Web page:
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Found 2 results

  1. Question: Is an Agreed Judgment necessary in this situation? I want to pay the full balance on a credit card debt. I received a notice of intent to file civil law suit from a collections attorney representing the Original and Current Creditor (same bank). I contacted them and over the phone discussed terms (a payment plan) and requested the paperwork for a settlement agreement of those terms. I received in the mail a 1) settlement agreement, and 2) an agreed judgment. They have asked me to sign both and return them. In the settlement agreement it says: "During the conversation, you expressed a desire to reach a settlement in this matter and stated that you would be willing to enter into a payment plan concerning the Account on the condition that (1) we enter into a signed settlement agreement, (2) you agree to a repayment plan, and (3) you consent to the entry of an Agreed Judgment. In exchange, we will agree not to pursue collection of the judgment as long as you make you agreed payments under the terms of this Settlement Agreement:" [and then it lists the repayment terms] At no point in the (legally recorded) conversations was an Agreed Judgment discussed. The Agreed Judgment includes an additional page, that states: "It is further ordered, adjudged, and decreed that the plaintiff Bank of America, N.A., is entitled to post-judgment interest on said judgment to be computed at the rate of 5.00% annum on the damage portion of the award, and at the rate of 5.% per annum as to all over amounts awarded herein, said interest to accrue as allowed by law from the date of this judgment until this judgment is satisfied." In the phone discussion, the representative specifically stated that they are not charging interest. I was informed when I originally called them that the law suit had been "printed", and that the next step would my being served. The validation documents and the above described documents were mailed to me. I want to sign a settlement agreement. I want and am prepared to repay this debt. I do not want to agree to a judgment against myself.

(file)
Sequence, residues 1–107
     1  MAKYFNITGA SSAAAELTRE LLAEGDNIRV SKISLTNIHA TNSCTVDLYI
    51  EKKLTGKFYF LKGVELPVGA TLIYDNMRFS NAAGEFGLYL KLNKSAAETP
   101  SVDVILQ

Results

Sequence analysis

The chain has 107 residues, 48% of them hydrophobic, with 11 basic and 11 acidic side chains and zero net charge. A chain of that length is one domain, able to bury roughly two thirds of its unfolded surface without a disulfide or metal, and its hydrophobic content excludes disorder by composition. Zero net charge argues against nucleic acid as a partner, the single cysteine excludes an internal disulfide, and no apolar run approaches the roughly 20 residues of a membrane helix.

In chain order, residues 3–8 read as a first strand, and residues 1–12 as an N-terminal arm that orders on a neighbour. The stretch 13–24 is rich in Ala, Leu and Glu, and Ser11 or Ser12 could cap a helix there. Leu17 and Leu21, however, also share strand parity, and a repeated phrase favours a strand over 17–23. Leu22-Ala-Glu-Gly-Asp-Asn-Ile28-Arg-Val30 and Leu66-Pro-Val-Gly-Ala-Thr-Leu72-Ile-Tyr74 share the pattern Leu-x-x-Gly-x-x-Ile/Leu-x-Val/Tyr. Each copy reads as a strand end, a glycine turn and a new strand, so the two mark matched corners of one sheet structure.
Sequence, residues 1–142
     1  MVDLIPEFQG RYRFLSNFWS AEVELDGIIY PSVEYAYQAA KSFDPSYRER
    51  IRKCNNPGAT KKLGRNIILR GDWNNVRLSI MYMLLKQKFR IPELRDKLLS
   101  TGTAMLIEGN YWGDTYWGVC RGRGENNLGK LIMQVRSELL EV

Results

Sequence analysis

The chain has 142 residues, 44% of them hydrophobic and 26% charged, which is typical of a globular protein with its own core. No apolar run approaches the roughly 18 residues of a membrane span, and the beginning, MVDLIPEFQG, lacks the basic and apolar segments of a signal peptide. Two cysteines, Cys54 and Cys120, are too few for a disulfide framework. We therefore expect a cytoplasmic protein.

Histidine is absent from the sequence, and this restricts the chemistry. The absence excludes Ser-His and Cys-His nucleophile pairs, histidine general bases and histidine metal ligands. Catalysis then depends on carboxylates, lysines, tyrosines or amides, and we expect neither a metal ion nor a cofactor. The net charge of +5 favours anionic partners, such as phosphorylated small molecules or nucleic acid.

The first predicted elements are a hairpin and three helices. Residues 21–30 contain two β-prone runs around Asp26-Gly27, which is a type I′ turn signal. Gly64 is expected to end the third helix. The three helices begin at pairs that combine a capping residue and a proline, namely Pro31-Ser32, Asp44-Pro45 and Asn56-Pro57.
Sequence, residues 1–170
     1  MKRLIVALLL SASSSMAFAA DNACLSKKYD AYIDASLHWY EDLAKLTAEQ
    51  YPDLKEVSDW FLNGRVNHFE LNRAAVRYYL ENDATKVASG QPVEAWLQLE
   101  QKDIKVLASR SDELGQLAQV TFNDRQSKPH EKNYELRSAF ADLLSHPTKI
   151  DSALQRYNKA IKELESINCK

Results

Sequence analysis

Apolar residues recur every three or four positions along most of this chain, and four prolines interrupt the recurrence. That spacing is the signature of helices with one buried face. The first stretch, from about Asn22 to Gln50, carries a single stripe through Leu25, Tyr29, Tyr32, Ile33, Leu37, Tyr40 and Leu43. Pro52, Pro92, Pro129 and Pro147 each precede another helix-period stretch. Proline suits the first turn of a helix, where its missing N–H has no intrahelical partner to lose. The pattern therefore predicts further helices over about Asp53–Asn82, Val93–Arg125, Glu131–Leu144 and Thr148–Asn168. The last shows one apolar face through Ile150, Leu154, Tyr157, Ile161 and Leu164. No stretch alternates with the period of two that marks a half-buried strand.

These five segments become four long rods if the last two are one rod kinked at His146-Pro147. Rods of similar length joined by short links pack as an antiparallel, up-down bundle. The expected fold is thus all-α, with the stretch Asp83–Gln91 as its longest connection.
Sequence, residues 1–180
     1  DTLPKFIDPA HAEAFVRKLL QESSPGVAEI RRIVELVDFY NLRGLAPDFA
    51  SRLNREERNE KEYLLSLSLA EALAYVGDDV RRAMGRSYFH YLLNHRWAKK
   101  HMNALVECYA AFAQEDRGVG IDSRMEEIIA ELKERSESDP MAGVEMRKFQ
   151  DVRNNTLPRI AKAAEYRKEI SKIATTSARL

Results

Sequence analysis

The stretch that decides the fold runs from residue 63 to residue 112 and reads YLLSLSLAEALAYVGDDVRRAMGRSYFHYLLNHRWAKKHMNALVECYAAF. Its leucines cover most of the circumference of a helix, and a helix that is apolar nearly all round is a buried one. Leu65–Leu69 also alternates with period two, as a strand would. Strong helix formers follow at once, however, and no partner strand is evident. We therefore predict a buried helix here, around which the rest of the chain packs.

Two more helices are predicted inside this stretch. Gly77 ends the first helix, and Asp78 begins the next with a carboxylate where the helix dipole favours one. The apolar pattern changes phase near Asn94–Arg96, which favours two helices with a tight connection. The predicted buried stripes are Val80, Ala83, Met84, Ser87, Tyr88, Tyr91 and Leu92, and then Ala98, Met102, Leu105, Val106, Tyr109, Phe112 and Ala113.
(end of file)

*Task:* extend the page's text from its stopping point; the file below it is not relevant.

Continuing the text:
2. Hi, I have been defending a long running lawsuit in a Florida court. The Judge set a trial date, and the attorney for the Plaintiff left me a voice mail message making a settlement offer, in which he stated: "We both walk away, neither side pays the other anything, and we each bare our own costs and expenses. The offer is good for 24 hours. Let me know." I wrote a letter back to the attorney, quoted his voice mail offer verbatim, noted the time and date of the offer, and said the offer was accepted. In addition, I asked the he send me a copy of a Settlement Notice for the Court, per our local rules of procedure. Now, the attorneys at Sleazy & Sleazy, P.A. appear to be trying out back out of their Agreement. It is my understand that their settlement offer, even one made orally, is a legally binding contract. They made an offer, I accepted, and we agreed to the essential terms. The attorney who made the offer is not taking my call. I called his partner, who is playing the game "I was not privy to this call or Agreement - I'll have my partner call you." Of course, the partner does not call. I plan to go back to court with a Motion to Enforce the Settlement Agreement, however, not sure how to legally memorialize the attorneys voice mail message as evidence. I believe I may not be able to just hold up my cell phone and play the voice mail in court, but need to do this in a more formal fashion. I called my mobile phone provider, but they will only respond to a subpoena, and I wont have enough time to send one out and wait for their reply prior to the trial date. Any thoughts on how to approach this issue? Thank you.
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